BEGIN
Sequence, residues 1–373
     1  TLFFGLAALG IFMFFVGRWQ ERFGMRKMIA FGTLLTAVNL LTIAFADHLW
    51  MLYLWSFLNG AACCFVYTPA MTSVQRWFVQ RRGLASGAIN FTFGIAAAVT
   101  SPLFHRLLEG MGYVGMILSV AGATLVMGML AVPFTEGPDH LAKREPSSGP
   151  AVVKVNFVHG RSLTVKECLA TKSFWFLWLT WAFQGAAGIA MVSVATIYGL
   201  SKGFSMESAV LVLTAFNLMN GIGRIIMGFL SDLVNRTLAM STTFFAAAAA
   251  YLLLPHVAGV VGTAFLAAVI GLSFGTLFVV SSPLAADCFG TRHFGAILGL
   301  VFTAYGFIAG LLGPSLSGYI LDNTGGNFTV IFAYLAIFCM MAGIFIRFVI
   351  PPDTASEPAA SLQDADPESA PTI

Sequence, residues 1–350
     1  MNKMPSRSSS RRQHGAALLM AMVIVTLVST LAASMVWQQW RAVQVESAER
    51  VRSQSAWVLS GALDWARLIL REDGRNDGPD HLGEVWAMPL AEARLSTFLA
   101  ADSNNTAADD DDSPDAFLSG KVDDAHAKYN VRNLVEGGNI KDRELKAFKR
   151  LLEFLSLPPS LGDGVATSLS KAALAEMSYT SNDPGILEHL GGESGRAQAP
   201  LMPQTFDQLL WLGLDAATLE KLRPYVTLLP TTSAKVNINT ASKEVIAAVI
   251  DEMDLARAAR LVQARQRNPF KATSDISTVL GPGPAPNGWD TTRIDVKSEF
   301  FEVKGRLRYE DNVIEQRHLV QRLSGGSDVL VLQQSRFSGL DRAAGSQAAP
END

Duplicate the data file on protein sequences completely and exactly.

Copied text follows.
Sequence, residues 1–373
     1  TLFFGLAALG IFMFFVGRWQ ERFGMRKMIA FGTLLTAVNL LTIAFADHLW
    51  MLYLWSFLNG AACCFVYTPA MTSVQRWFVQ RRGLASGAIN FTFGIAAAVT
   101  SPLFHRLLEG MGYVGMILSV AGATLVMGML AVPFTEGPDH LAKREPSSGP
   151  AVVKVNFVHG RSLTVKECLA TKSFWFLWLT WAFQGAAGIA MVSVATIYGL
   201  SKGFSMESAV LVLTAFNLMN GIGRIIMGFL SDLVNRTLAM STTFFAAAAA
   251  YLLLPHVAGV VGTAFLAAVI GLSFGTLFVV SSPLAADCFG TRHFGAILGL
   301  VFTAYGFIAG LLGPSLSGYI LDNTGGNFTV IFAYLAIFCM MAGIFIRFVI
   351  PPDTASEPAA SLQDADPESA PTI

Sequence, residues 1–350
     1  MNKMPSRSSS RRQHGAALLM AMVIVTLVST LAASMVWQQW RAVQVESAER
    51  VRSQSAWVLS GALDWARLIL REDGRNDGPD HLGEVWAMPL AEARLSTFLA
   101  ADSNNTAADD DDSPDAFLSG KVDDAHAKYN VRNLVEGGNI KDRELKAFKR
   151  LLEFLSLPPS LGDGVATSLS KAALAEMSYT SNDPGILEHL GGESGRAQAP
   201  LMPQTFDQLL WLGLDAATLE KLRPYVTLLP TTSAKVNINT ASKEVIAAVI
   251  DEMDLARAAR LVQARQRNPF KATSDISTVL GPGPAPNGWD TTRIDVKSEF
   301  FEVKGRLRYE DNVIEQRHLV QRLSGGSDVL VLQQSRFSGL DRAAGSQAAP